Of all the guys you’ve never heard of, Central Michigan’s Cooper Rush might be the most impressive.
Not only did Rush, as just a sophomore, finish 2014 ranked No. 36 in passing yards per game (242.8), but he finished No. 20 in touchdowns (27), No. 24 in completion percentage (63.6) and No. 20 in yards per attempt (8.3).
It all added up to a No. 17 rank in passer rating (149.54), ahead of Cincinnati’s Gunner Kiel (149.39) and Michigan State’s Connor Cook (149.36) and just behind Mississippi State’s Dak Prescott (151.72).
In 2015, the talented but unheralded Rush will be joined by three starting offensive linemen and two of his top four targets.
Like East Carolina’s Zeek Bigger, he’s another guy who may not play on the best unit in the nation but will still manage to be an outstanding individual player.
Rush was a 2-star pro-style prospect from Lansing, Michigan, in 2012.
Zach Terrell, QB, Western Michigan
The No. 24 quarterback in passing yards per game last year (264.8), Western Michigan’s Zach Terrell pumped out numbers near those of Notre Dame’s Everett Golson (265.0) and Boise State’s Grant Hedrick (264.0).
Even more impressively, he achieved a quarterback rating of 164.41, the sixth-best mark in the FBS and ahead of Baylor’s Bryce Petty (157.83) at No. 8. His highest grades came in completion percentage (67.9), where he tied for sixth, and yards per attempt (9.4), where he finished third nationally.
In 2015, he returns along with eight other starters on offense. Included in the deluge are the top rusher (Jarvion Franklin, whom we mentioned earlier), three linemen and most significantly for Terrell the entire receiving corps. It’s a group headlined by wide receiver Corey Davis, who with 117.3 yards per game finished 2014 ranked No. 4 in the nation.
Terrell was a 2-star pro-style prospect from Fort Wayne, Indiana, in 2012.
Kamalei Correa, DL, Boise State
As a sophomore in 2014, Boise State defensive lineman Kamalei Correa led the team in tackles for a loss (19) and sacks (12). He also registered 59 tackles, two forced fumbles and a blocked kick.
His stats were good enough for a tie with Clemson’s Vic Beasley at No. 8 in the FBS in sacks and a No. 15 finish in tackles for a loss.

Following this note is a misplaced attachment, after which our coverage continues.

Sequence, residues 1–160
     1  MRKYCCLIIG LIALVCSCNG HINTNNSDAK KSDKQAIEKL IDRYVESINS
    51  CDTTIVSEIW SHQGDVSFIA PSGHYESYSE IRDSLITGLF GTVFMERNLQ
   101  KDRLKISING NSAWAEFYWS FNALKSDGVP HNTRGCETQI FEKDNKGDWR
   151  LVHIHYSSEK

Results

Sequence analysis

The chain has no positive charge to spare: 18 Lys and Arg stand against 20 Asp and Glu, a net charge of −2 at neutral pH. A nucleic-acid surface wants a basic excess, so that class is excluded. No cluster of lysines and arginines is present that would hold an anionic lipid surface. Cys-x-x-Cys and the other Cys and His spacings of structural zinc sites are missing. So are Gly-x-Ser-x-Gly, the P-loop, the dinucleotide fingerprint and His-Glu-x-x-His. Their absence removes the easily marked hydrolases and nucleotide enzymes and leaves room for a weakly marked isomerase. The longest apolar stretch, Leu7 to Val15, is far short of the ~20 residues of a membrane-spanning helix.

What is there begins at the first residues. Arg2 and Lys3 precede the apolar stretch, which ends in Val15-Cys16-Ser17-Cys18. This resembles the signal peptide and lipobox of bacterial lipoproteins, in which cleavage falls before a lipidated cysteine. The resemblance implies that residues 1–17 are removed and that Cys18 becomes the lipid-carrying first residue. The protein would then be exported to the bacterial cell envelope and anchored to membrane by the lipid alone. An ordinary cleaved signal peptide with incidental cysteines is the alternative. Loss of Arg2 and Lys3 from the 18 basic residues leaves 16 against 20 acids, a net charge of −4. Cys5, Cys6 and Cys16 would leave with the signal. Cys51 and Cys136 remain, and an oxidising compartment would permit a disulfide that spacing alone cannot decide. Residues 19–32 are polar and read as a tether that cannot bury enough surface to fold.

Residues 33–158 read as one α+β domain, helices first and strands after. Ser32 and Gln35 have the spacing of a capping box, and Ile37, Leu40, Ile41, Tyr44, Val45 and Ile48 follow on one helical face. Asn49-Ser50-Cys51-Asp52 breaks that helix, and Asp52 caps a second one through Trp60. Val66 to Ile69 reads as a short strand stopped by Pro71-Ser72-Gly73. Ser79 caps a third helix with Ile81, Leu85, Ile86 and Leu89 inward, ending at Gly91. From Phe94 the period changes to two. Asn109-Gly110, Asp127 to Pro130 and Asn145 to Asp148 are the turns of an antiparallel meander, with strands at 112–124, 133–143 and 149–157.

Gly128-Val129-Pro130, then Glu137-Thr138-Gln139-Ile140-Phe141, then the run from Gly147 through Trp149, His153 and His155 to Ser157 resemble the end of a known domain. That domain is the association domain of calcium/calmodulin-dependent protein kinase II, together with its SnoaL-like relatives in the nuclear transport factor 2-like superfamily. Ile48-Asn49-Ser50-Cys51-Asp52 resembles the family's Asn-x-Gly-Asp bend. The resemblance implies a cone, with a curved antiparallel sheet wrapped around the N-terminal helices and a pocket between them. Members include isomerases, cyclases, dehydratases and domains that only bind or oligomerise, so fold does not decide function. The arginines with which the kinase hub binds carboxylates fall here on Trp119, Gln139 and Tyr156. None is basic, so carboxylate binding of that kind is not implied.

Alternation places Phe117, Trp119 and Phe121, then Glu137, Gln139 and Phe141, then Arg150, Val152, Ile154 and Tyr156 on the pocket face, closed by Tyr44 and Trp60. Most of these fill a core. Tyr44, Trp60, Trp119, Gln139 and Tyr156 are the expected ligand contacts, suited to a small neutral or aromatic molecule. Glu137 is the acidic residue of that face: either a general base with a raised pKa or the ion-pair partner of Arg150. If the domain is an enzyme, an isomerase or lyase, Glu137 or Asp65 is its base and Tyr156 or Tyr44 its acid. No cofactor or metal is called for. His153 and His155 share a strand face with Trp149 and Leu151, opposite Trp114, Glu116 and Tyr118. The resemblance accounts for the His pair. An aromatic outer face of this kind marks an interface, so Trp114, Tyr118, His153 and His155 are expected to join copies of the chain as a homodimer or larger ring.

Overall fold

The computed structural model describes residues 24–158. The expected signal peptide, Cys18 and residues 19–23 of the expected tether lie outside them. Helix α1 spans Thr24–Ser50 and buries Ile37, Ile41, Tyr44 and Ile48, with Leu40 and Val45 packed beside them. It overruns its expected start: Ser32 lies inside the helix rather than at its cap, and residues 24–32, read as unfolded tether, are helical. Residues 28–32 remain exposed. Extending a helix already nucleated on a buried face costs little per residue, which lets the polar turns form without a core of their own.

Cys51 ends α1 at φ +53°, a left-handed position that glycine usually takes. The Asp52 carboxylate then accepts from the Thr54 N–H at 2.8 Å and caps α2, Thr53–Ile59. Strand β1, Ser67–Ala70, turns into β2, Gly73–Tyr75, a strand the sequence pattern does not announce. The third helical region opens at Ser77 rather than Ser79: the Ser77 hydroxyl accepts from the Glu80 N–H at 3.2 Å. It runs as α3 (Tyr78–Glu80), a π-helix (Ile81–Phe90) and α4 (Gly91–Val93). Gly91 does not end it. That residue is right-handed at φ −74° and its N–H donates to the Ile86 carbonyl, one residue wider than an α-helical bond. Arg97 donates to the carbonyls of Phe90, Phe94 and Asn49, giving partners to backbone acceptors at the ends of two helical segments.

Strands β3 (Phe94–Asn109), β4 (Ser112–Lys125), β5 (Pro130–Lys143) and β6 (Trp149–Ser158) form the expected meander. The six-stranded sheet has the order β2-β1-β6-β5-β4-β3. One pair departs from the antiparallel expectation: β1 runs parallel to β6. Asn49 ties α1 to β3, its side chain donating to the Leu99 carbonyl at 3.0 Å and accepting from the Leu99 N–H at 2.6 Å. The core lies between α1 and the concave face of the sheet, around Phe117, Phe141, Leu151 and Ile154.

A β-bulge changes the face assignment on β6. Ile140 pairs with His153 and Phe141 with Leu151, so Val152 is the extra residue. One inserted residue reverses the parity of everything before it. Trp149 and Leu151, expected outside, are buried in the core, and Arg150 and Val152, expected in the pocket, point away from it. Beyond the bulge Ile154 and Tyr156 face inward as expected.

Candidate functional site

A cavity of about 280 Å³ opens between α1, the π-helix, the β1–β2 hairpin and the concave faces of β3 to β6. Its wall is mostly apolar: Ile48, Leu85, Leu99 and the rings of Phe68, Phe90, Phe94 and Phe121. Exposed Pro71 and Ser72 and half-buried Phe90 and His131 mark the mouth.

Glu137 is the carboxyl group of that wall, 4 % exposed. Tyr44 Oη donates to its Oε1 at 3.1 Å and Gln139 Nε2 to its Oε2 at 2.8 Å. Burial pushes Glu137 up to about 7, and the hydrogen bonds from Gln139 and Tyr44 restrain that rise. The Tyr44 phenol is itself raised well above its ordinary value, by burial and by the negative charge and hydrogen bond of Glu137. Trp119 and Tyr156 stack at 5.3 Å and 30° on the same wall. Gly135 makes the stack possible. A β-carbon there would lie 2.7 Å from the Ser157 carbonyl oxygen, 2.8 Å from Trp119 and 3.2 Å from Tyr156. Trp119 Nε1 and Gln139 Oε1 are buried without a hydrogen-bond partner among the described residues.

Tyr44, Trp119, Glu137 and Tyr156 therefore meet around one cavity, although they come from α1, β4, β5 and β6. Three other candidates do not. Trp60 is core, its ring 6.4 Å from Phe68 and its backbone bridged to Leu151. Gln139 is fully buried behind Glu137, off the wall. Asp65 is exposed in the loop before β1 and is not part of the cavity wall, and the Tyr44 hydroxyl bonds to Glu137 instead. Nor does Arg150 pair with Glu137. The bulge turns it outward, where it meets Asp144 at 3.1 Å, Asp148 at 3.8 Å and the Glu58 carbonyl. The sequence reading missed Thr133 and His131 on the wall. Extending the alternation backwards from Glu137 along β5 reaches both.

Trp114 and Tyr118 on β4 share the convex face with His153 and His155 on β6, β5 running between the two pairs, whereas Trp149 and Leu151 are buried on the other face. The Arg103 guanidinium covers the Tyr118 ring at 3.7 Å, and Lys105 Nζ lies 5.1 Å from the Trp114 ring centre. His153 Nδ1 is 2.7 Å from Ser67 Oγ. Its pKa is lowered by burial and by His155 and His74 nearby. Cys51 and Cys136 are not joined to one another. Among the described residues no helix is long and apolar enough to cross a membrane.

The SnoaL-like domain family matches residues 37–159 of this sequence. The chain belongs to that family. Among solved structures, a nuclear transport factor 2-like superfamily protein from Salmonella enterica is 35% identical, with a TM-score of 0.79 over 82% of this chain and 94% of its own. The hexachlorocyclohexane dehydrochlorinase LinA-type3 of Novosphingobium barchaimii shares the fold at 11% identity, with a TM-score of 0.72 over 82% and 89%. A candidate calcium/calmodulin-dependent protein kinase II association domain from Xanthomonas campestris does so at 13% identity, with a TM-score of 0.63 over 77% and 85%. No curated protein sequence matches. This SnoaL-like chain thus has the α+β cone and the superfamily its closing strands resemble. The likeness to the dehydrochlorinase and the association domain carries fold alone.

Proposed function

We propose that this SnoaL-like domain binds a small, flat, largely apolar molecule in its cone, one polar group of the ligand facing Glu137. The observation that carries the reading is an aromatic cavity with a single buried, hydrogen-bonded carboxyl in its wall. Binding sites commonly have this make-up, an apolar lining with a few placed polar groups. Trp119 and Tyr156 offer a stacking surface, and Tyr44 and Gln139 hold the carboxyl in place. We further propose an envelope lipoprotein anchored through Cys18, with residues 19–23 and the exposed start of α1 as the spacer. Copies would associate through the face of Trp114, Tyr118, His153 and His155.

In 2015, he’ll join what should be the best defensive line in the Mountain West, returning all but one starter and five of the front seven. It's especially noteworthy given the attrition at the offensive skill positions.
At 6’3”, 247 pounds, Correa is comparable in size and ability to guys like Missouri’s Shane Ray and Clemson’s Beasley. Look for him to have similar, nation-leading stats this season.
Correa was a 3-star defensive tackle prospect from Honolulu in 2013.
Donnel Pumphrey, RB, San Diego State
San Diego State’s Donnel Pumphrey finished his sophomore season ranked No. 4 in the nation in rushing yards per game (144.08), No. 4 in total rushing yards (1,873) and No. 9 in rushing touchdowns (20).
It’s the most yards gained by an Aztec back since the program moved up to Division I in 1973 and 243 more yards than Marshall Faulk gained in 1992, his most productive season as a collegian.
This year, Pumphrey will be joined by three members of the starting offensive line, a unit that powered the No. 28-ranked rushing attack in the nation. It’s the same group that finished No. 12 in the FBS in fewest tackles for a loss allowed last year (58).
Pumphrey was a 3-star all-purpose back prospect from North Las Vegas in 2013.
Tyler Matakevich, LB, Temple
The starring member of what is perhaps the strongest individual unit in the FBS in 2015, linebacker Tyler Matakevich is one of 11 returning starters to a defense that ranked No. 4 in scoring last season.
He led the team in tackles (117) and was No. 2 in tackles for a loss (10.5). He also contributed 1.5 sacks, an interception and three pass breakups.
Though he finished ranked No. 33 in the nation in total tackles, his 88 solo tackles tied him for No. 3 overall behind UCLA’s Eric Kendricks (101) and Arizona’s Scooby Wright III (99).
His stats aren’t as obscene as other guys simply because he plays for one of the best defenses in college football. In fact, only Ole Miss (16), Stanford (16.4) and Clemson (16.7) allowed fewer points per game than Temple did last season (17.5).
Matakevich was a 2-star outside linebacker prospect from New Berlin, New York, in 2012.